Ancient Egypt describes a civilization that existed in Northeastern Africa from 3100-332 BC. It was a time-period that followed prehistoric Egypt, and would revolve around Upper and Lower Egypt forming a single body under the first pharaoh, the head of both government and religion in Egypt. Ancient Egypt revolved largely around access to the Nile River which provided easy transportation for them, and with access to the open ocean their culture would spread far and wide, with evidence of them having contact with South America recently surfacing.
Ancient Egypt was separated into a series of ages known as the Old Kingdom of the Early Bronze Age (2575-2150 BC), the Middle Kingdom of the Middle Bronze Age (1975-1640 BC), and the New Kingdom of the Late Bronze Age (1520-1075 BC). Before the Old Kingdom, there was the Early Dynastic Period, when Egypt would become one country under this period. but it wouldn't truly have a strong and organized government until the Old Kingdom's first Pharaoh, Djoser.
Under Djoser, Egypt would be divided into nomes, which were equal to states. The first pyramid would be built at this time, known as the Pyramid of Djoser, and they would also build the Great Pyramid at Giza, the largest pyramid in Egypt. The Old Kingdom would peak under Pharaohs Sneferu and Khufu, where they would build the pyramids around Giza and the Great Sphinx.
The fall of the Old Kingdom would come when nomarchs, like governors of their time, started to ignore the Pharaohs, and a large drought and famine would aid the breakdown of Egypt into independent states.
After the end of the Old Kingdom, the First Intermediate Period started, which was a time of civil war and chaos. This would lead to the rise of the Middle Kingdom, when during the chaos, the king of Southern Egypt, Mentuhotep II, would launch an attack on Northern Egypt, conquering it and reuniting Egypt once again. Under Mentuhotep, Thebes would become the capital of Egypt, remaining the religious and political hub for most of Ancient Egypt.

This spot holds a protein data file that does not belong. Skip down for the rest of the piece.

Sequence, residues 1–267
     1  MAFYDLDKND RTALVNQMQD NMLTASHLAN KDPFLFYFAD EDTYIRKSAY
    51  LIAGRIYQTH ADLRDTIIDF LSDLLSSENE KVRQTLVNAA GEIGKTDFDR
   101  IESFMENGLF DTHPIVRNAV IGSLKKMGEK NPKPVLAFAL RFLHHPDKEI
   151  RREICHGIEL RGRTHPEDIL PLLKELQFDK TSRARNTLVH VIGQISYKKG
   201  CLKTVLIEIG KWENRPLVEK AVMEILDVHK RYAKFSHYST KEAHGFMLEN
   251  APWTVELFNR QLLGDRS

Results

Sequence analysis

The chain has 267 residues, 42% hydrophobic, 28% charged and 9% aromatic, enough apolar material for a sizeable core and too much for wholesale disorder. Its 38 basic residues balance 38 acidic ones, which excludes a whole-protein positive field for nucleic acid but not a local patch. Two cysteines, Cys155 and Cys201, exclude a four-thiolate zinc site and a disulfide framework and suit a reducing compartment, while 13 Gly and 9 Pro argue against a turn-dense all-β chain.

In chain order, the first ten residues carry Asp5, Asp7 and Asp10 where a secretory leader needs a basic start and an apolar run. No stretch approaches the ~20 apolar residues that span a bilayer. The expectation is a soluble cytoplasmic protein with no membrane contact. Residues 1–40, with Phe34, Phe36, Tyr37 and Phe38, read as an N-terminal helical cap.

Mentuhotep's tomb would be built in Thebes, and he ruled for 51 years during which he re-established Pharaohs as god kings. The Middle Kingdom's art developed during this time such as block statue art, statues made from a single block of material. These would become staples of Egyptian art culture for the next 2,000 years. This would also be the first time in Ancient Egyptian history where writing would become a form of entertainment in stories as well as philosophy.
The fall was like the fall of the Old Kingdom, where the Pharaoh's power weakened more and more. A rogue group of kings in North Egypt would split themselves from South Egypt, and the country would fall into chaos again, leading to the Second Intermediate Period. This time was famous for the invaders that came in, known as the Hyksos, who would rule northern Egypt for almost 100 years. This would lead into the New Kingdom, which would be the golden age (the highest point) of Ancient Egypt.
In 1540 BC, Ahmose I became king of Lower Egypt at the age of 10 and quickly became a great leader, and defeated the Hyksos as well as unite Egypt once again, starting the New Kingdom era. Ancient Egypt expanded greatly, going deep into the middle to Israel and far to the south of Africa (Nubia). They mined a mass amount of gold in Nubia, temples were made, and wealth increased greatly.
The Valley of the Kings would also be made at this time, where the kingdom's pharaohs were buried in tombs, the most famous being King Tutankhamun, an emperor who died young, which was found largely intact. This period, however, did not last, and the golden age fell under Ramesses III, when drought and famine plagued the civilization, and the Sea Peoples, unknown documented people who invaded Egypt's lands, and tribesmen from Libya would wage war on them.
This would eventually lead to the Third Intermediate Period, and Ancient Egypt never recovered from this point. Egypt split, reunite, but be conquered by the Persians in the end. This marked the end of the cultural and economic powerhouse known as the Ancient Egyptians.
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